Adams Papers
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From John Adams to François Adriaan Van der Kemp, 28 September 1802

Quincy September 28. 1802

Dear Sir

I have recd yours of Aug. 1802. I agree with you that “the deadly infection has not Spread thro every Limb.” But what Shall We Say when Such a Writer as Mr Callender, can write down the Administration of Washington, write up an administration of Jefferson and then write it down again. The Editors of Newspapers, have no Check, and yet have Power to make and Unmake Characters, at their Will; to create and uncreate Constitutions, to erect and demolish Administrations. When a few scribblers, all foreigners, whose origin history and Characters nobody knows, have more influence than President Senate, the Peoples own Representatives, and all the Judges of the Land?

I was told in London, by a Bookseller, who had a large share of the trade, and consequently employed many Printers, Editors, and Writers of all kinds, that “the Men of Learning in London were Stark mad. that he knew an hundred Men in that City, of great Learning and Inginuity; excellent Writers any one of whom he could hire for a Guinea a day, to write for or against any Cause; to panegyrize or calumniate any Character. We have a large detatchment from this black Regiment, already imported into America: And they make their Way to the hearts of the People, by deceiving their Understandings.

When you Say that “the Numbers of respectable Citizens who revere my Virtues and consider me as entituled to their warmest Gratitude, increases from <day to day> time to time.” You are wholly unintelligible and incomprehensible to me. My Name, Character, Conduct, and Actions have been publickly known in America, for almost forty Years. Have these “respectable Citizens” credited Callender? or Duane? in opposition to Washington, the Senate, the H. of Representatives, the Judges? What can We say? what can We think of such “respectable Citizens.” Can the Life Liberty Property or Character of a Man be Safe in the keeping of Such “respectable Citizens?”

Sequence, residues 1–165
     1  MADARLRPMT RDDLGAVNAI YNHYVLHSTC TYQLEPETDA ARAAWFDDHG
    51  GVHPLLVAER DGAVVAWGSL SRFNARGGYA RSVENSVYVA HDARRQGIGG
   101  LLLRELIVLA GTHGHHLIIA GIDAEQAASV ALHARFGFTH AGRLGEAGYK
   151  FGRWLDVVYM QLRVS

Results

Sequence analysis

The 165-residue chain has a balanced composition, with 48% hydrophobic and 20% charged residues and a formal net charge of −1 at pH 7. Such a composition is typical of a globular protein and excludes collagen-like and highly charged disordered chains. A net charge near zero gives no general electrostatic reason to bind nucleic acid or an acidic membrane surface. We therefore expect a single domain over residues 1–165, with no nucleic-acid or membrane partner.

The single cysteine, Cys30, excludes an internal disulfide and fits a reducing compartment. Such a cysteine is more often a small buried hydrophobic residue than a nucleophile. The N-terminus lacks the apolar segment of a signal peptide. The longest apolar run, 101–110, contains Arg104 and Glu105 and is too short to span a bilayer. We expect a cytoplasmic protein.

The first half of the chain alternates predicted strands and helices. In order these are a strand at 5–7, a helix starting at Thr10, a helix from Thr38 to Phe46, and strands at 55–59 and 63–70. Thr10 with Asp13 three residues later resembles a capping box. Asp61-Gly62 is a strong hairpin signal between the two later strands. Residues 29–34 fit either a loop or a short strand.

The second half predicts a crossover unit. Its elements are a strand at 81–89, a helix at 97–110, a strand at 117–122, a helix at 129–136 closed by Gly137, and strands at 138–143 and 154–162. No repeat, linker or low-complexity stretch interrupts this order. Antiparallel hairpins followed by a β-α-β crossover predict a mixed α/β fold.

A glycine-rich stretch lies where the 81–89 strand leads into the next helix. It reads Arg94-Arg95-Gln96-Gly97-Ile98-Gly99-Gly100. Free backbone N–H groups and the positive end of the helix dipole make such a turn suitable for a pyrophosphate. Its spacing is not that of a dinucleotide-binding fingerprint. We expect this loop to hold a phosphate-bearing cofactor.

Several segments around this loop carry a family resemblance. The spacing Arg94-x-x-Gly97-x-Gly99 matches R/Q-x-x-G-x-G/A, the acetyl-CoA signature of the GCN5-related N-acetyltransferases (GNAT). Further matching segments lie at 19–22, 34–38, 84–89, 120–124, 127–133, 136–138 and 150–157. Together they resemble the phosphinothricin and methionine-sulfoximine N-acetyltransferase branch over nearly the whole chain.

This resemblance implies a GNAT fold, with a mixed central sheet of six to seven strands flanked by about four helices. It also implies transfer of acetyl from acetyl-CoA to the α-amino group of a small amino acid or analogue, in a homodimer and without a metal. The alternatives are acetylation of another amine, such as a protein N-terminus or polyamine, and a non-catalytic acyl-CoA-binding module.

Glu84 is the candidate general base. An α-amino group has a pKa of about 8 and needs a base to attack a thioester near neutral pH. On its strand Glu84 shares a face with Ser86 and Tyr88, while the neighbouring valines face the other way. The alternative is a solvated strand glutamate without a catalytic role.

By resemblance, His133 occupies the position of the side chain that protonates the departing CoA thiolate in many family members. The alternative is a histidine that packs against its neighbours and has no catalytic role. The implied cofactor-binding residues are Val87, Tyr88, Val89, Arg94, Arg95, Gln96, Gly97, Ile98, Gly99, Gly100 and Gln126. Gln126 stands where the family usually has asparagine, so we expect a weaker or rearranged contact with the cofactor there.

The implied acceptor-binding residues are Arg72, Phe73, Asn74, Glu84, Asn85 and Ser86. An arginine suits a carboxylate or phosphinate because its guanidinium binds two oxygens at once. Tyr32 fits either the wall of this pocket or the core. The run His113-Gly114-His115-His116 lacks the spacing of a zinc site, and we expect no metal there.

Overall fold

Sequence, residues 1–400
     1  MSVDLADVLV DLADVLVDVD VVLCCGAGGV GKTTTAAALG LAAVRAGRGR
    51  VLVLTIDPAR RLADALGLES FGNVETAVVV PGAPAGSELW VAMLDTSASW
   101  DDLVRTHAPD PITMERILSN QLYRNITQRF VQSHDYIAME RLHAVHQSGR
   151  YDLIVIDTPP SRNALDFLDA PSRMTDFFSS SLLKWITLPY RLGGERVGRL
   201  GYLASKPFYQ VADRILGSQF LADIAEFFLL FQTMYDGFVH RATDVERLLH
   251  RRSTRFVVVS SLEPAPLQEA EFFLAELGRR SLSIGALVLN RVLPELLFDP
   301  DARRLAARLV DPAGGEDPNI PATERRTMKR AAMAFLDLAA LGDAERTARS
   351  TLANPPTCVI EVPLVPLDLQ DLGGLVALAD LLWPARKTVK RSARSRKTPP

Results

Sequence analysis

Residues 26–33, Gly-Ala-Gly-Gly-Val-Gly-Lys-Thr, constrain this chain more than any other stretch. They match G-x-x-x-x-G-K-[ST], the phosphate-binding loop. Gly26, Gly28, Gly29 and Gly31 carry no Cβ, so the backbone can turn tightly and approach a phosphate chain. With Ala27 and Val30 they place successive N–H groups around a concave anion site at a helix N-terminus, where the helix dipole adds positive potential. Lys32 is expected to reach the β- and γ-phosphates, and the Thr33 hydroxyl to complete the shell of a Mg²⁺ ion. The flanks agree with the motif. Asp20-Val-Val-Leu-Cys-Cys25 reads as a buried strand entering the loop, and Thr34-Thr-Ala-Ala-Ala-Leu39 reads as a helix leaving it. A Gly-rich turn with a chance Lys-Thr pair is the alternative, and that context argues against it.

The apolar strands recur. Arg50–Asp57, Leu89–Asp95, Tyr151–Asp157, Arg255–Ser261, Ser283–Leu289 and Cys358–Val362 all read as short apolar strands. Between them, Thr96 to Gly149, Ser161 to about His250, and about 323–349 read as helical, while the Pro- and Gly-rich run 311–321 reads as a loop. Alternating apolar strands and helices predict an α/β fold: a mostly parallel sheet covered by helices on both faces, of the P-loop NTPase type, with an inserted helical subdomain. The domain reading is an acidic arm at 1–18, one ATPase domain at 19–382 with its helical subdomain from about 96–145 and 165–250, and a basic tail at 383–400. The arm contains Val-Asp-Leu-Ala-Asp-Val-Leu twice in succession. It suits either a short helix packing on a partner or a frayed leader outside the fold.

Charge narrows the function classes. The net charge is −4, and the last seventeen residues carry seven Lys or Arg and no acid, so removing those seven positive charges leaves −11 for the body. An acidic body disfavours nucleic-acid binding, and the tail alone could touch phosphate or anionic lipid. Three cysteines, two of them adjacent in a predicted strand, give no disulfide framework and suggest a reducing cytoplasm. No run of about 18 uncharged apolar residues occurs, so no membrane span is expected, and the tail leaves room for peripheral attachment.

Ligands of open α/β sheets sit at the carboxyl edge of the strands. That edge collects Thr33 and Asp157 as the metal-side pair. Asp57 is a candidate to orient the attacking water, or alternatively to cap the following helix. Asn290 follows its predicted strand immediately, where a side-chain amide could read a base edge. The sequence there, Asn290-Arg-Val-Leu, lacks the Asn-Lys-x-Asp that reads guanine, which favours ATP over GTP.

The Bookseller before alluded to, Said to me “Mr Adams, there is nothing in the world more melancholly to consider than the Character and Conduct of the Men of Learning in this Country, they are wholly unprincipled, they are totally abandoned.” The Men of Learning in his Mind, were the Writers of Reviews, Magazines, Newspapers and party Pamphlets: Clergymen cast off for immorality, Lawyers who could not be respected in Westminister Hall, Physicians who could not find Practice: all in constant horror of Starving for Want of bread: and writing to appease their hunger. You know whether there were any of a Similar Tribe in Holland—I believe the Breed was numerous at Paris and from that Accursed Crew Sprang the French Revolution. Write me frankly on this subject. I am yours / with great Esteem

J. Adams

PHi: John Adams Papers.

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